ES changes shellfish site monitoring

SHARE
Testing recently showed the Jacobs River Estuary in Riverton was one of the shellfish-gathering sites in Southland which had in the past been identified as not being safe for food gathering.

THE way Southland shellfish monitoring sites are tested has changed.

A decision was recently made to reallocate resources to improving water quality, rather than following up on known issues monthly.

Environment Southland (ES) science manager Elaine Moriarty said shellfish sites would now be assessed after three years’ improvement work.

“As opposed to going out every month and saying, ‘yep, it is still red’.’’

Results had been consistent, she said.

This time last year, a report was released from 2016-17 which states shellfish from only one of eight gathering sites in Southland was safe for human consumption. ES used to post results of shellfish sites to its website, but since the approach changed it listed only swimming sites.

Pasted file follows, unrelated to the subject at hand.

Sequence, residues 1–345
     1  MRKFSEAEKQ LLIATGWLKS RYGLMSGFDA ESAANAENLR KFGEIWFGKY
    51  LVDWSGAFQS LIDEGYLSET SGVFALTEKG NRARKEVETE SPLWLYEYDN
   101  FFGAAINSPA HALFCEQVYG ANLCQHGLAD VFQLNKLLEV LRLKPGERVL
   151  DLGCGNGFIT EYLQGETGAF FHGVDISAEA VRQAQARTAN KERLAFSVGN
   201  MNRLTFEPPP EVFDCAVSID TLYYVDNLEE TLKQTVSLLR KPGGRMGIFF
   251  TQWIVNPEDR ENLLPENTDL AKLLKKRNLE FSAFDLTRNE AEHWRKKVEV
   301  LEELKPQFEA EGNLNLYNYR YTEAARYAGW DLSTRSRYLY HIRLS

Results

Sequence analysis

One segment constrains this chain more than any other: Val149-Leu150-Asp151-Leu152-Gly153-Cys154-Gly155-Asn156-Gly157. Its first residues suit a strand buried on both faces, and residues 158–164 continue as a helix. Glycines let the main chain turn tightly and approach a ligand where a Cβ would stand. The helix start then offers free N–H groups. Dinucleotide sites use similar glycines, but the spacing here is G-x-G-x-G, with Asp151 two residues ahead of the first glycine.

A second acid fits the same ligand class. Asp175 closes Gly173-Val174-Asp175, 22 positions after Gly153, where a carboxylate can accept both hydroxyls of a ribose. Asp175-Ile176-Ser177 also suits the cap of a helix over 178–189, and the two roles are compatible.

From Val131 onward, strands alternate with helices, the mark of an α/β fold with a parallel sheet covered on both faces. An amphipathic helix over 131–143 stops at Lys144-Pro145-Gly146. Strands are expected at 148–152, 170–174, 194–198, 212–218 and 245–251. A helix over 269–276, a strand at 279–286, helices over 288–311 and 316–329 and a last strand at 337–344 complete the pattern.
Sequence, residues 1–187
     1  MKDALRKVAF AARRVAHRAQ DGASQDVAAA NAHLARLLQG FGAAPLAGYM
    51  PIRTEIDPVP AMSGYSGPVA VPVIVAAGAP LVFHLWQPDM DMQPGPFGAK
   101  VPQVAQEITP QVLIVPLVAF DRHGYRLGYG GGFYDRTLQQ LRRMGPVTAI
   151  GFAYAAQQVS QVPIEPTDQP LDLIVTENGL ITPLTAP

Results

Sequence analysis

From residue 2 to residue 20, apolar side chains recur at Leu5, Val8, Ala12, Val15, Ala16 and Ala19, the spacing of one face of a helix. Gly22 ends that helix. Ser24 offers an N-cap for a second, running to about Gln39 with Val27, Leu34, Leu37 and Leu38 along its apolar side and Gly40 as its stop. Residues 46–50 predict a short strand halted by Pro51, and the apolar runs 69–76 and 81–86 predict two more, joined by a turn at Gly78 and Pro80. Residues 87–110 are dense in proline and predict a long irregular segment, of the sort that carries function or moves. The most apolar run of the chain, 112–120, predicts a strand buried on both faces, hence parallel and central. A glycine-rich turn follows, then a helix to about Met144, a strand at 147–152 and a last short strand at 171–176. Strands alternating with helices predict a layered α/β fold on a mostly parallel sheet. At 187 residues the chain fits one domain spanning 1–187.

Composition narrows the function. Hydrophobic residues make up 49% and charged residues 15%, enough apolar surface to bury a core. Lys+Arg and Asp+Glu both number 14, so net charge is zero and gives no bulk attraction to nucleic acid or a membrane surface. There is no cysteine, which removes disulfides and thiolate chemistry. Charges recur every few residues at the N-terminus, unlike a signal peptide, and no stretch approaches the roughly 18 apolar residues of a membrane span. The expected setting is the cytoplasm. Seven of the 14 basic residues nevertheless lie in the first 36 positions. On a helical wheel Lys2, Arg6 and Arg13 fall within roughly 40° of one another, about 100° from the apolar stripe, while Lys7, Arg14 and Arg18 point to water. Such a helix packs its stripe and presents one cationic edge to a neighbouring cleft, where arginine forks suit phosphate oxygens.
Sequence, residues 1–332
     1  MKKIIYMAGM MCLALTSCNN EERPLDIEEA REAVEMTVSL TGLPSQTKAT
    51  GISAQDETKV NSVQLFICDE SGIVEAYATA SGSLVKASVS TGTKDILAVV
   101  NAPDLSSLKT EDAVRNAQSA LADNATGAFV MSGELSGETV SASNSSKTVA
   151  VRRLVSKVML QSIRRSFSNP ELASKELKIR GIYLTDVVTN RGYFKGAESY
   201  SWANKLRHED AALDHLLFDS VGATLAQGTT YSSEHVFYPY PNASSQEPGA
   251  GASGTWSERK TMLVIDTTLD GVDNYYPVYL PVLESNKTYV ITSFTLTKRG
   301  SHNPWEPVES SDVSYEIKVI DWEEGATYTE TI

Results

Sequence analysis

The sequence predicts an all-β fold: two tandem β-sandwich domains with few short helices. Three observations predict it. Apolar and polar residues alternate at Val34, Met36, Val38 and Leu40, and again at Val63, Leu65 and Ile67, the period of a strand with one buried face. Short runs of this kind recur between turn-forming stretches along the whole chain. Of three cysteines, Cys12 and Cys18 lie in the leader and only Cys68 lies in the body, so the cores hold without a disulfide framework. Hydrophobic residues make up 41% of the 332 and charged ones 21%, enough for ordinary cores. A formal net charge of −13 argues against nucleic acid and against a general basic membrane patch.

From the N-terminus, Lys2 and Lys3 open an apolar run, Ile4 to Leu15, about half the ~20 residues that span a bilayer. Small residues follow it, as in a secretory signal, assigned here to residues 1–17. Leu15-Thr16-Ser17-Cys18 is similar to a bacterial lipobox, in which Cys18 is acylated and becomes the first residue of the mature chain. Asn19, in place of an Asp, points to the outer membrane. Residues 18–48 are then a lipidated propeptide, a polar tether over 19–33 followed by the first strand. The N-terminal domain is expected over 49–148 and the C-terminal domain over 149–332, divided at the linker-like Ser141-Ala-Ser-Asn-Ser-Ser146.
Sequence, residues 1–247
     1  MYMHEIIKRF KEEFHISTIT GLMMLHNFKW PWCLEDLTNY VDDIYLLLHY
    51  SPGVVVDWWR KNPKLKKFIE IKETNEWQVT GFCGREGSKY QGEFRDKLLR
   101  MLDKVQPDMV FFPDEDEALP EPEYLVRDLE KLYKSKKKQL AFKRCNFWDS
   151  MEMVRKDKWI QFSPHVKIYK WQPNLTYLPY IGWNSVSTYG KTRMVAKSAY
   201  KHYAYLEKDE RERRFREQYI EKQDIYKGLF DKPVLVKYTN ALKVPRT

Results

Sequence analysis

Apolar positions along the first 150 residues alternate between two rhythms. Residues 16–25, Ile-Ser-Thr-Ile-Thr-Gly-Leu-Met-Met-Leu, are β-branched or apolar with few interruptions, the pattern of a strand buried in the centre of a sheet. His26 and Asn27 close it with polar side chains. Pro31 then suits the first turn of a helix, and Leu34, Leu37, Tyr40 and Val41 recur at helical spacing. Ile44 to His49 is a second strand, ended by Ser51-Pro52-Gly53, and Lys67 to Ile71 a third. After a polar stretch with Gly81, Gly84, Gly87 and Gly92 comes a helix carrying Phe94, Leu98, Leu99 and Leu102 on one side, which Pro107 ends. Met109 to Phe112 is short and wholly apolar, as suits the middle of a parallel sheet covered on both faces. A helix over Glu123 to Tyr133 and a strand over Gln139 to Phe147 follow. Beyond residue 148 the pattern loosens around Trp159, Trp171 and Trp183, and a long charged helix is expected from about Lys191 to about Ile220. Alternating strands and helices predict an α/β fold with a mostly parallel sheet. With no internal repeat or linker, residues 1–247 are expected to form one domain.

The testing change did not affect the weekly summer monitoring of recreational water quality sites, several of which overlapped with shellfish sites.

The first results of summer should be ready at the beginning of December.

Dr Moriarty said the method for testing had been developed about 30 years ago, and it had been recognised for not providing a good overall picture.

“We don’t have a lot of confidence in the validity of the method.”

She was unable to give a figure on the cost of resources for monthly testing.

Her advice was for people to be aware of the environment they were in.

An example was to not swim or collect shellfish after heavy rain, or when people could not see their toes in knee-deep water.

Water quality was affected mainly by farm runoff, discharge and birds. Research shows avian pollutants are a big factor in water degradation in Southland.

Throughout New Zealand, work was under way to introduce predictive modelling.

“You can imagine we would say, ‘right, based on the weather forecast, what we know in the area, what discharges we know,’ we would create a computer model that would be able to give a predictive value.”

Dr Moriarty suggested cooking shellfish and following food preparation guidelines to minimise health risk.

  • For information on swimming sites go to www.lawa.org.nz or through ES.
Advertisement